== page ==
Tuesday, August 8, 2023

Articles | English Grammar

What is Article?

Articles can be taken as one of the 'Determiners' or a subclass of the Determiners which determines nouns. They are also known as Demonstrative Adjectives. Articles are words that identify a noun as being specific or unspecific.

It is often taken to be a separate part of speech also. There are two articles in English, the definite article the (the book) and the indefinite article a (a book) or an (an eye)

Sometimes nouns require no article at all. This is called the 'zero a1ticle' (book, eyes). The articles are a subclass of the determiners. 

Please note that it is pronunciation, not the spelling, of the word that determines the choice of indefinite article: (Leech, G., Svartvik, J., 2009).

What is Determiner? 

Detenniners are words placed in front of nouns to clarify what the noun refers to. It is used to indicate the exactness of a noun.

Determiners are the words that specify the range of reference of a noun e.g by taking it definitely (the book), indefinite (a book), or by indicating quantity (many books).

Kinds of Articles:

ln English language, there are a to total of three articles. (A, An, and The). These three articles are divided into two types.

1. Definite: The (is used to refer any particular person, place, or thing.)

2. Indefinite: A & An (does not refer to particular noun)

1. Indefinite Articles 

'A' and 'An' are the two indefinite a1ticles. 'A' or 'An' means 'one' or 'anyone' 

When the countable noun is one/ singular in nu1n.ber, it takes 'a' or 'an' as an article (depending on its first letter and sound). 

Indefinite articles (a/ an) are used with several countable nouns in different conditions. 

What is Noun? 

Noun is a name given to any person, place, thing, animal, thought/ idea, or emotion. Nouns are divided into certain types. 

  • Common
  • Proper
  • Collective
  • Concrete
  • Abstract
  • Countable
  • Uncountable
  • Material

Articles and Nouns 

Mostly articles are used only with countable nouns which can be counted in number. Rest nouns take other determiners. 


  • a book ✓ but a water X 
  • a boy ✓ but a sugar X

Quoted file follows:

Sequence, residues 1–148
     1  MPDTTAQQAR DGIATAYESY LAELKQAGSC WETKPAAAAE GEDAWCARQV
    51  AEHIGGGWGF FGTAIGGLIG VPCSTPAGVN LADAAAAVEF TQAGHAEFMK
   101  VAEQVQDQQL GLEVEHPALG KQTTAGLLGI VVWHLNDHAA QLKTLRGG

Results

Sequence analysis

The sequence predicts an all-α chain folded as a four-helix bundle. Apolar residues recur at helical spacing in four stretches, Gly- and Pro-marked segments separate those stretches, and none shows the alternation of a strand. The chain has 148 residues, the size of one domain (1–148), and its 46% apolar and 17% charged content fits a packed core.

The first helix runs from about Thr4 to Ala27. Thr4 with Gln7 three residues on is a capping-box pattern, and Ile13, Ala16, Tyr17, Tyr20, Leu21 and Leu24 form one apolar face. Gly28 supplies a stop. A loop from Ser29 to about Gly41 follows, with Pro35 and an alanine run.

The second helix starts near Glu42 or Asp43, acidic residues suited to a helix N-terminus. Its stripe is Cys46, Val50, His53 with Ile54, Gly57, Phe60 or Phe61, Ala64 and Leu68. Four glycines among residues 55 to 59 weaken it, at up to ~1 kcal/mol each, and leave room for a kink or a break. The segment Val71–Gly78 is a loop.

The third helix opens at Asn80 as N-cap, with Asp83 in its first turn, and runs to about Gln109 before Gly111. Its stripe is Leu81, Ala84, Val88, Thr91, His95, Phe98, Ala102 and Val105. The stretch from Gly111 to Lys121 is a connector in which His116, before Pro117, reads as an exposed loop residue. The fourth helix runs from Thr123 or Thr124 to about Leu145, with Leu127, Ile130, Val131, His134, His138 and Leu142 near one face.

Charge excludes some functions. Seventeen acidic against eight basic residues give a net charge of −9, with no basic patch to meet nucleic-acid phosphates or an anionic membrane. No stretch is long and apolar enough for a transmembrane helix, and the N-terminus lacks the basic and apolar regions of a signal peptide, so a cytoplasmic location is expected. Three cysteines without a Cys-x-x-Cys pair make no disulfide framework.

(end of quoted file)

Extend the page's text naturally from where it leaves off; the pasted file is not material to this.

• a computer ✓ but an air X 
  • a teacher ✓ but a teaching X 

The Selection of Articles (a/ an) 

  • Indefnite articles 'a' or 'an' are not used arbitrarily.
  • There are definite rules to use these indefinite articles and these rules are strictly followed while speaking or writing English.
  • It is important to note that if articles are not used appropriately, the meaning may change or be misunderstood.
  • Therefore, it is 1nust to understand and follow these rules to learn correct English.

Rules for "a and an"

Rule 1

'a' is used before a word (or a countable noun) beginning with a consonant sound. 


  • a boy 
  • a man 
  • a girl 
  • a table 
  • a young man 

Rule 2 

'an' is used with a word beginning with a vowel sound. 


  • an apple 
  • an elephant, an egg, 
  • an ink-pot, an idiot 
  • an orange, an orphan, 
  • an umbrella 

Rule 3

'an' is used before a word beginning with a consonant letter but a vowel sound. 


  • an honest man 
  • an hour 
  • an honorable guest 
  • an heir

Rule 4 

'a' is used before a word beginning with a vowel letter but a consonant sound. 


  • a university
  • a European 
  • a union

Rule 5 

Abbreviations that begin with consonant letters but their pronunciation beings with vowel take 'an' article which includes...


  • an HOD
  • an MA
  • an ST
  • an MLA
  • an M.Sc./MBBS
  • an M.Com. / M. Phil.

Rule 6

A word beginning with 'vowel' letter but 

'consonant' sound /w/ takes 'a' as an article. 


  • a one rupee note 
  • a one eyed 1nan 
  • a one dollar note 
  • a one way ticket 
  • a one legged man